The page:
A family fear for their children’s health after living with “horrendous” damp and mould for almost a decade.
Alistair Stuart and his partner Sara Martin live in a three-bedroom council flat in West Pilton, Edinburgh, with their four children.
The couple said they had been battling squalid conditions since they moved in nine-and-a-half years ago, and the prolonged exposure has worsened the children’s asthma and left their four-year-old with a constant hacking cough.
Last month, a coroner ruled that the death of two-year-old Awaab Ishak in Rochdale was caused by prolonged exposure to mould. Miss Martin worries the same may happen to her children if nothing is done.
“I’m scared my children will die,” she said. “That’s my biggest fear. They already have health issues and they’re still living with active black mould.”
Miss Martin called an ambulance for her 18-year-old son on Sunday after he started to suffer chest pains.
The ambulance report stated “damp and mould” was an environmental risk factor.
Mr Stuart, 59, said the conditions also had a major impact on his mental health.
“You can’t describe it day to day,” he said. “The way we are living, we don’t have good days. All my days are bad days. Life’s pathetic. This house isn’t liveable. I wouldn’t house my own worst enemy in here.”
The family have been forced to remove all the carpets in the house, constantly throw away furniture and keep all their clothes in boxes because of the mould.
“Our clothes are damp, they’re stinking,” Mr Stuart said. “You put your clothes on and you don’t know if folk are talking about you. You feel like you’ve failed.”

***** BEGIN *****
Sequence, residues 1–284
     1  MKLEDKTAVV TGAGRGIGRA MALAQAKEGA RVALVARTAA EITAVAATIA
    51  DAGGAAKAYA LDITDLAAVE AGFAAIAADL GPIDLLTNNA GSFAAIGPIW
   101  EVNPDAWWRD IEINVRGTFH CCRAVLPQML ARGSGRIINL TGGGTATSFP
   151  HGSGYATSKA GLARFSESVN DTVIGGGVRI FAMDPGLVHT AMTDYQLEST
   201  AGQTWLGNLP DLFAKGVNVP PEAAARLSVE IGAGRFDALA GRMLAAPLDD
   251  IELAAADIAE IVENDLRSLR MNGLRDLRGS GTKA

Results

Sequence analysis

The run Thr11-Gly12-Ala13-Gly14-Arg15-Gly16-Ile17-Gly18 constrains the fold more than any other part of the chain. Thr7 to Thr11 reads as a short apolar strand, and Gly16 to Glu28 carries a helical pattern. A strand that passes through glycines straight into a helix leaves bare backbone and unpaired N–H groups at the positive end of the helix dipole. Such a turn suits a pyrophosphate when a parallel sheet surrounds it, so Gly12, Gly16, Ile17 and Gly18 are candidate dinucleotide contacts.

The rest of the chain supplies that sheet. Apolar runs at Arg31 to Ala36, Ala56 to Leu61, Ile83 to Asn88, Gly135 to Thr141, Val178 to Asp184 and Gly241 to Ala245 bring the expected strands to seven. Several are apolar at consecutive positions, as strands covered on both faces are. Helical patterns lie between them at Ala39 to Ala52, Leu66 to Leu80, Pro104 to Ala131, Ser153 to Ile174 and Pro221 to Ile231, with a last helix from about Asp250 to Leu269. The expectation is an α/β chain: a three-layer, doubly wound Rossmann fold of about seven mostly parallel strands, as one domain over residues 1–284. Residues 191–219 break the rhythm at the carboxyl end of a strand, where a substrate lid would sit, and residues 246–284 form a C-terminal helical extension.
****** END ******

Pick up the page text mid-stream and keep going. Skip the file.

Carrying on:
The couple said they had been in constant contact with the council and, although they have had several investigations and surveys of the property, no long-term solution has been provided.
“They have put a plaster on a caesarean wound,” Mr Stuart said.
According to Citizen’s Advice, demand for advice relating to repairs in council housing has increased by 24%, compared to before the pandemic.
Dr Andrew Whittamore, from Asthma and Lung UK, said the charity was receiving daily calls from people having difficulties because of damp in their homes.
“Breathing in mould spores can do several things to the lungs,” he said. “Firstly, it can cause an allergic reaction. So every time the body is exposed to it, it will cause breathlessness, tightness in the lungs and infections.
“For people who have lung conditions like asthma, it can lead to life-threatening asthma attacks and, for some people, the mould can start to develop an infection of its own and actually start to grow in the lungs and cause growths in the lungs.”
Edinburgh City Council was contacted for comment.